May 22 2016
Designated Terrorist Group CAIR stands by its decision to support the family of the San Bernardino Muslim terrorists
Hussam Ayloush, executive director of CAIR’s (Council on American-Islamic Relations) Los Angeles branch, said CAIR does not regret helping the Farook family of the terrorists in the aftermath of the San Bernardino terrorist attack.
LA Times Farhan Khan told Hussam Ayloush that his brother-in-law, Syed Rizwan Farook, could not be accounted for after someone barged into a meeting at the Inland Regional Center in San Bernardino and opened fire, killing and wounding scores of people. Khan feared that his wife’s brother was among the dead.
Less than an hour later, after Ayloush had urged him to remain calm, Khan called back. Farook was not a victim of the mass shooting, but the suspected perpetrator of it, Khan said.
Later that day, Ayloush and CAIR decided to advise the family of a suspected mass shooter and terrorist. Soon, Khan spoke to a ring of reporters at a news conference organized by CAIR.
The organization received angry calls and critical coverage from conservative media, including Breitbart, which ran a headline asking, “Why is CAIR helping San Bernardino terrorists after the fact?” Others wondered why CAIR was getting involved before it was clear whether others — possibly even other family members — had known of the attacks before they occurred.
Almost half a year after the deadliest attack on American soil since 9/11, Ayloush said CAIR does not regret the decision. For years, CAIR, which has 30 chapters in the U.S., has been a polarizing organization, reviled by critics who accuse it of being linked with radical Islam, terrorism and groups such as Hamas.
In 2007, CAIR, along with hundreds of other organizations and individuals, was named as an unindicted co-conspirator in a case against the Texas-based Holy Land Foundation, a charity prosecutors accused of supporting Hamas. The Holy Land Foundation and several of its officers were convicted in November 2008.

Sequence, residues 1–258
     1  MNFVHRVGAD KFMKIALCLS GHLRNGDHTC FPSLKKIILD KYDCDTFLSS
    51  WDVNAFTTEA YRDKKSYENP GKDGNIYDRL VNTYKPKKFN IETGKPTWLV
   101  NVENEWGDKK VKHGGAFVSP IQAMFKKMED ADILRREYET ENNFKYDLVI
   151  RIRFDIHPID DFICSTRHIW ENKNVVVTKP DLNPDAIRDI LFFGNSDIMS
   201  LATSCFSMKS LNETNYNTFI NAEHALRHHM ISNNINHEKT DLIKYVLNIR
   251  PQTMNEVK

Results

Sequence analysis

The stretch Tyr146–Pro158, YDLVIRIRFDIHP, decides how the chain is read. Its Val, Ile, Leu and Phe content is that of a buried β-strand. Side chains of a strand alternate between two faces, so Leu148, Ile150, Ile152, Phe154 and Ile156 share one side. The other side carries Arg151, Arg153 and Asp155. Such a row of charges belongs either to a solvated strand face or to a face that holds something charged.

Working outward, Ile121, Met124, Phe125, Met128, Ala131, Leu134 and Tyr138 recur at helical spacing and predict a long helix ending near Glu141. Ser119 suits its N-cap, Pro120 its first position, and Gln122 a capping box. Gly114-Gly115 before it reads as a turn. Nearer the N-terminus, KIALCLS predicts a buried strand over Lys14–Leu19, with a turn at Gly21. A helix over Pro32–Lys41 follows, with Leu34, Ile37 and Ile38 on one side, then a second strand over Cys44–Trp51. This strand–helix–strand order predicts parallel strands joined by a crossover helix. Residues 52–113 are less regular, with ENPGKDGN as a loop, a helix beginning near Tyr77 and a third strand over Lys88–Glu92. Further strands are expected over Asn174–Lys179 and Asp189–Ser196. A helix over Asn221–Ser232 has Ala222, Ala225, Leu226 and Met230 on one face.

Eventually, CAIR began receiving threatening comments and calls, Ayloush said. He asked the organization’s civil rights department to report those calls to authorities.
CAIR’s legal department also made sure the Khans were being treated fairly and not being discriminated against because of their faith, as they sought custody of Farook and Malik’s then 6-month-old daughter.
Ayloush said the legacy of San Bernardino still lives with the group, especially in the way it handles the threat of terrorism and the fear it can spark. CAIR should “be honest about everything: more honest within the community about the fact that we cannot discount the threat of barbaric Muslim groups like ISIS,” he said. “We must not say it’s tiny and it will disappear.” (That’s the first honest statement about Muslim terrorists I ever heard from anyone at CAIR)
However, in the CAIR press conference, Muslims deny that Islamic terrorism has anything to do with Islam: